Organization in 1957. “44 per cent of Cubans — a higher percentage than
Americans at the time— are covered by social legislation. Cuban workers
are more unionized (proportional to the population) than U.S. workers.
The average wage for an 8-hour day in Cuba in 1957 is higher than for
workers in Belgium, Denmark, France and Germany. Cuban labor receives
66.6 per cent of gross national income. In the U.S. the figure is 70 per
cent, in Switzerland 64 per cent.”
When no NPR “reporters” are within hearing range, Commies can be
extremely frank with each other. Early in the Cuban revolution, for
instance, Czech economist Radoslav Selucky visited Cuba and gaped: “We
thought Cuba was underdeveloped except for a few sugar refineries?!” he
wrote upon returning to Prague. “This is false. Almost a quarter of
Cuba’s labor force was employed in industry where the salaries were
equal to those in the U.S.!”
The Castro brothers and Che Guevara converted a nation with a higher per
capita income than half of Europe, the lowest inflation rate in the
Western hemisphere, a huge influx of immigrants and whose unionized
workers enjoyed the 8th-highest industrial wages in the world into one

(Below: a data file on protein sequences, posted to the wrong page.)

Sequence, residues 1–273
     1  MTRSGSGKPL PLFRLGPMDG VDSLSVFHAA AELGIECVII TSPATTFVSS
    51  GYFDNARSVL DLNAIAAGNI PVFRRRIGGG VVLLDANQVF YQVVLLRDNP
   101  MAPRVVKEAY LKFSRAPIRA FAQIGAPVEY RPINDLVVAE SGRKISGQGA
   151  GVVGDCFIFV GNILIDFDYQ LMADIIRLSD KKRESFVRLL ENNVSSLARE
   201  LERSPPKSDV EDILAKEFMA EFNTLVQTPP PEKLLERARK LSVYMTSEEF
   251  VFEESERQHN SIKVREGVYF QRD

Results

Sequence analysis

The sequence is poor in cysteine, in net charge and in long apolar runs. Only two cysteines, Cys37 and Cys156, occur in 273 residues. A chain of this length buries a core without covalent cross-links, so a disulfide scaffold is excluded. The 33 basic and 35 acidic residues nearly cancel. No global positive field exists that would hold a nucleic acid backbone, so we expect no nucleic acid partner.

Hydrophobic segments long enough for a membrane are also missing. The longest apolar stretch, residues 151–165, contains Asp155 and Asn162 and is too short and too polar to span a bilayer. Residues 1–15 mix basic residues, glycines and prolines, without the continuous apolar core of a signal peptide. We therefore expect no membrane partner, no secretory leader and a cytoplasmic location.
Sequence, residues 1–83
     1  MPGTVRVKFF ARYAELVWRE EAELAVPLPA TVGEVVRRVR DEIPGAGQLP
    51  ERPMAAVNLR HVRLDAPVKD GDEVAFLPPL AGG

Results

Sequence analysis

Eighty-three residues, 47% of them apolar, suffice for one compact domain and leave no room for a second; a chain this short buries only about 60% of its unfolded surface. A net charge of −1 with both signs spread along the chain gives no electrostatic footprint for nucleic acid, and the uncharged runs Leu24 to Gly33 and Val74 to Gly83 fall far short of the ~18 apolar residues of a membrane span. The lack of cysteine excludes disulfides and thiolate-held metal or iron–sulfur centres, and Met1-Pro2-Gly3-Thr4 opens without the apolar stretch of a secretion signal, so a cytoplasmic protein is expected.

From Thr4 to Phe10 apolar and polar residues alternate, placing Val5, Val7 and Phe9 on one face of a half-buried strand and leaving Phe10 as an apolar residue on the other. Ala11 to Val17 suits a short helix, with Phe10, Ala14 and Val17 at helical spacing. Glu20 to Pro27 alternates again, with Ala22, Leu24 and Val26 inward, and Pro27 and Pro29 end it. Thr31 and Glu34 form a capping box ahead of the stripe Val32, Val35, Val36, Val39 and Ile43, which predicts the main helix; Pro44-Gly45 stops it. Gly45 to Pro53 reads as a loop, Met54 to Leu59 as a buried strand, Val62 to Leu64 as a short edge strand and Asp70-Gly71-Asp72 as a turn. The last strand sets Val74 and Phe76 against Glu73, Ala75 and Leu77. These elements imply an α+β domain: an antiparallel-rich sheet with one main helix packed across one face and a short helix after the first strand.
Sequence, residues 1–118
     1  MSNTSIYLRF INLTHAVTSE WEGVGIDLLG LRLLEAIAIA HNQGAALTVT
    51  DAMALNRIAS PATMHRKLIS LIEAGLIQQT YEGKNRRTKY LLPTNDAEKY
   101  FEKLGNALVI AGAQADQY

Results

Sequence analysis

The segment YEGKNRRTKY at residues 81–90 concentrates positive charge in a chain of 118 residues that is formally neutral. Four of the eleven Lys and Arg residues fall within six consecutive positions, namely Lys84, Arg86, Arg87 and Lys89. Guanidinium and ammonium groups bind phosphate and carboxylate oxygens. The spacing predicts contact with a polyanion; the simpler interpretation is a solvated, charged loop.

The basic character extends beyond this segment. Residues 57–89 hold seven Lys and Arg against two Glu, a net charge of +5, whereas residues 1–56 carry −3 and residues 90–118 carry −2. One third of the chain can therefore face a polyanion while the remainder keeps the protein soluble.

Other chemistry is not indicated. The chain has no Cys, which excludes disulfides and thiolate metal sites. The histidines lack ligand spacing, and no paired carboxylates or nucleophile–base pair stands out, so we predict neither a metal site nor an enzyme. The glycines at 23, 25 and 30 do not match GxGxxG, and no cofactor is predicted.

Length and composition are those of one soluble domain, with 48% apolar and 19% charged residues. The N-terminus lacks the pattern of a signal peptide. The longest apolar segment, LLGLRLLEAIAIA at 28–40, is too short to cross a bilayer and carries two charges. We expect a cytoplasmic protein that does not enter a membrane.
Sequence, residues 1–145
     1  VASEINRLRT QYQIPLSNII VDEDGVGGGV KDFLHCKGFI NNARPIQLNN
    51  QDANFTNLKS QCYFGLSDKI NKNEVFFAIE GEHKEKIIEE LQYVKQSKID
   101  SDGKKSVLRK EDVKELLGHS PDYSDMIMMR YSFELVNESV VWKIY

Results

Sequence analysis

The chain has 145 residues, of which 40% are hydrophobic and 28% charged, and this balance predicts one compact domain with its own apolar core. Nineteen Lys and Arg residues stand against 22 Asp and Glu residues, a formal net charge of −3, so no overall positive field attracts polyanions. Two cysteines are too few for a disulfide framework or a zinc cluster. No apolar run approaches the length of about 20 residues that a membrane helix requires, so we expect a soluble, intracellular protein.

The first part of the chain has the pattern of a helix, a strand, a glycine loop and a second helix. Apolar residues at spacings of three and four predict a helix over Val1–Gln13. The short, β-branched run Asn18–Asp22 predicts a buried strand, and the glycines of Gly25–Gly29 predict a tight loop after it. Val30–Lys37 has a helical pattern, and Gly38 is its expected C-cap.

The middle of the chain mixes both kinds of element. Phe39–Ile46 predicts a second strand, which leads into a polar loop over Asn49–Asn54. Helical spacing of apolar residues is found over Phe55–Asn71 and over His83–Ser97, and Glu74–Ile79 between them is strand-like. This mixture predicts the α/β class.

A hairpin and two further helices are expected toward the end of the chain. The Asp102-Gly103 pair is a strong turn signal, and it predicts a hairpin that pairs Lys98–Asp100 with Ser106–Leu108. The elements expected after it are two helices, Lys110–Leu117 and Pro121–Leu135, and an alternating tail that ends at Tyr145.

that repels Haitians. And this after being lavished with Soviet
subsidies that totaled almost ten Marshall Plans (into a nation of 6.4
million.) This economic feat defies not only the laws of economics but
seemingly the very laws of physics. One place where Cuban exiles agree
wholeheartedly with Castro and Che is regarding their exalted posts as
Third World icons. They certainly converted Cuba into a humdinger of a
Third World nation.
David Green has much to learn from one of NPR’s other Cuba
correspondents Nick Miroff, who’d never attempt anything as crude as
Green’s recent morning edition. Miroff, who also contributes to the
Washington Post, is married to the daughter of one of Castro’s top KGB
protégés. The man who would have been Miroff’s late father-in-law,
Manuel Piniero, founded and headed the Castro regime’s secret police and
international terror agency the Dirección General de Inteligencia (DGI.)
As often happens to top players in his profession, (Yezhov, Yagoda,
Beria in the mother country) Piniero himself was offed in 1998 after his
usefulness to the Castros expired. Not that you’d guess any of Miroff’s
background (and what might be influencing his NPR and Washington Post
“reporting”) from the Washington Post and NPR bios of their valued
Latin American correspondent.
Just thought you should know.